Sienna’s Marathon North site directly borders another deposit, Generation Mining’s (CSE:GENM,OTC Pink:GENMF) Marathon palladium project.
According to diversified explorer Generation, Marathon is the largest undeveloped palladium deposit in North America at a measured and indicated 8,668,000 palladium equivalent ounces.
Proximity to Generation’s favorable project was part of the allure of Marathon North, Sienna Resources CEO Jason Gigliotti told the Investing News Network.
“We were just looking to see if there was any acreage within the same vicinity of where they were, and were kind of shocked to see that there was some property that had not been staked,” he said. “So we were able to get in there, grab that property.”
In 2017, total PGMs production in Canada totaled 1,016,402 kilograms. Of that, 770,414 kilograms were produced in Ontario. For 2018, that number climbed to 1,206,948 kilograms, of which 898,131 kilograms came from mines in Ontario.
For Gigliotti, the rising palladium price signals a renaissance for the Canadian mining sector, an industry that accounted for C$47 billion of the country’s annual GDP in 2018.
“Clearly the biggest part of the Canadian junior space is the mining side, and it’s strong across the board, and that helps everybody out,” Gigliotti said.
“There’s people now looking at something other than cannabis, which is extremely nice to see. A lot of that money that was kind of trapped in that space the last couple years is now finally migrating into the mining side. Which then allows a lot of the juniors like us to really get out there, put boots on the ground and get the work done to try to prove up the assets that (we) have.”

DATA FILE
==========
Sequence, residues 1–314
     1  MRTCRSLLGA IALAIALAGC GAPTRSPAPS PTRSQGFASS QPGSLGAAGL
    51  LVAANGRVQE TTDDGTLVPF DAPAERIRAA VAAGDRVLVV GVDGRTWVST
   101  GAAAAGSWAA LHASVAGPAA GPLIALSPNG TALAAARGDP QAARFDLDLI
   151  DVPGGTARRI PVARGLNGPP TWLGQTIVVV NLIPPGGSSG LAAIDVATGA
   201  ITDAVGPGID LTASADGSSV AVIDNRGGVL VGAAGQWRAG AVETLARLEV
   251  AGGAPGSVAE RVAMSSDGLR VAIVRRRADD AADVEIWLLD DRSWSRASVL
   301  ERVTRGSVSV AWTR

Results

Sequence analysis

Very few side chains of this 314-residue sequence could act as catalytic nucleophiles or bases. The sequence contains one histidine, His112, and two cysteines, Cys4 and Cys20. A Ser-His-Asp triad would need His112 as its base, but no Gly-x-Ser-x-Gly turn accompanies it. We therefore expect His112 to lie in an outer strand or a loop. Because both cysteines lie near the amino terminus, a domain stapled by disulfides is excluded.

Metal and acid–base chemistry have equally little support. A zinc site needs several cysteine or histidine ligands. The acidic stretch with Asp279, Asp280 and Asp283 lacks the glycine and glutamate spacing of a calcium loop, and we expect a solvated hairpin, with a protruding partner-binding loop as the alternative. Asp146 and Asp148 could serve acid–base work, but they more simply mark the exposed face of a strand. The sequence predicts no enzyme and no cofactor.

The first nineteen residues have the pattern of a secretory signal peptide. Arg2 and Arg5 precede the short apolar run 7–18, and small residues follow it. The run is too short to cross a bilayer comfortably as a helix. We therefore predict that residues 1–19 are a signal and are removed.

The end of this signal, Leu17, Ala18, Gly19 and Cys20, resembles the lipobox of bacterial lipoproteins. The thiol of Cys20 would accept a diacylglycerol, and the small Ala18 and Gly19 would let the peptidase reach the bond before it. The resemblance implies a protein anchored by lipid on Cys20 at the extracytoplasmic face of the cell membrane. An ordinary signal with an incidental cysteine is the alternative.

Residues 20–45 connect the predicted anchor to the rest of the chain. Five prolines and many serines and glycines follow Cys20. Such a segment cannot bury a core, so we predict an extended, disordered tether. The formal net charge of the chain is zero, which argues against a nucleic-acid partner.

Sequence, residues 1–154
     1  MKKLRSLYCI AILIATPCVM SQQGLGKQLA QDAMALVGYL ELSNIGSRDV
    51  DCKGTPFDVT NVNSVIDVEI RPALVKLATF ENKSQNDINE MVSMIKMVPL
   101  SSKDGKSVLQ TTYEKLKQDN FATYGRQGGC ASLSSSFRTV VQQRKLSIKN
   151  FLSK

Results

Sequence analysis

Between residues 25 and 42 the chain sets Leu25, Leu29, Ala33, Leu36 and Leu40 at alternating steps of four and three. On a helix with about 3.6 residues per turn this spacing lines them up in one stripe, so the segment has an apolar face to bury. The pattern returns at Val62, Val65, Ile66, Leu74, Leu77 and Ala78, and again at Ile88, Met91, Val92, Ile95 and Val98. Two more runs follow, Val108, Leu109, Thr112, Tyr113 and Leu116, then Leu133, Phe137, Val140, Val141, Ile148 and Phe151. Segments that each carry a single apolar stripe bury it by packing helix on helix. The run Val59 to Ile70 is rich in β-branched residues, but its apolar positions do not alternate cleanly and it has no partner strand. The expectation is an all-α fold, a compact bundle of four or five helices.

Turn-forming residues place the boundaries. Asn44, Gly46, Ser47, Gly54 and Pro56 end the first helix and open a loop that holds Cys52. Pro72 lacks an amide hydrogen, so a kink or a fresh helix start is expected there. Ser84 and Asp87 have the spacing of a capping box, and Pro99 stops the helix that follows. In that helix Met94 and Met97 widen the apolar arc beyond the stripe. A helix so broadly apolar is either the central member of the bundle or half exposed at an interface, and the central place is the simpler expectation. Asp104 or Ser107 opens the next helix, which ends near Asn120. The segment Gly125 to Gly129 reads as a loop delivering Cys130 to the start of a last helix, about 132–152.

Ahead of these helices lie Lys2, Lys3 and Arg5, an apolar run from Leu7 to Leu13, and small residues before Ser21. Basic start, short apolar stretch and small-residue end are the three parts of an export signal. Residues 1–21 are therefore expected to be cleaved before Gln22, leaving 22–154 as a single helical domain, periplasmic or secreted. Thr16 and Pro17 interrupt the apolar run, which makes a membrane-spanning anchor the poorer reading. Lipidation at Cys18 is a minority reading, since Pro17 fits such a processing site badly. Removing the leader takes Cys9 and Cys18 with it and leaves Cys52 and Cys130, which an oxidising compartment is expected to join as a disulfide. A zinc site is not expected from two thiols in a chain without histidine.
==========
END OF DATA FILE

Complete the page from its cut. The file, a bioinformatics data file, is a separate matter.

As the Canadian mining sector continues to attract investors back, lucrative palladium plays could be especially alluring in the current market.
“You’re also seeing the majors themselves, for the first time in five or six years, starting to look at those joint ventures again, and participating in a lot of stuff that they had on the books,” explained Sienna’s CEO. “And you see the bigger companies starting to step in on the exploration side, not just the acquisition side with their junior partners.”
As the junior company awaits the spring thaw, Gigliotti said the next step will be getting geologists to assess the properties’ potential and reserves.
While he remains cautious about the quick momentum the palladium price has made in the last 12 months, he said, “There’s a lot of smarter people than me that are calling for heightened prices for multi-months to years — not just a spike and then (a) come back down.”
Palladium’s parabolic rise has surprised some market watchers who expected its price to fall after reaching new highs in October of last year; the opposite has happened and the precious metal has continued its upward trajectory.
This is a trend Impala Canada’s Hill sees continuing as long as palladium remains the metal of choice for gasoline engine automotive manufacturers and as long as countries continue to deploy increasingly stringent emissions standards.
“The quest for an alternative to the gasoline engine is challenged and it is unlikely that these engines will be replaced in the near term,” said Hill.
“For example, challenges facing a transition towards battery electric vehicles include the scarcity of required materials, commercial battery production costs, inadequate infrastructure for battery charging and the functional limitations of battery electric vehicles themselves. Until these challenges can be tackled in a meaningful way, the robust demand for palladium will continue.”
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Securities Disclosure: I, Georgia Williams, hold no direct investment interest in any company mentioned in this article.
Editorial Disclosure: Sienna Resources is a client of the Investing News Network. This article is not paid-for content.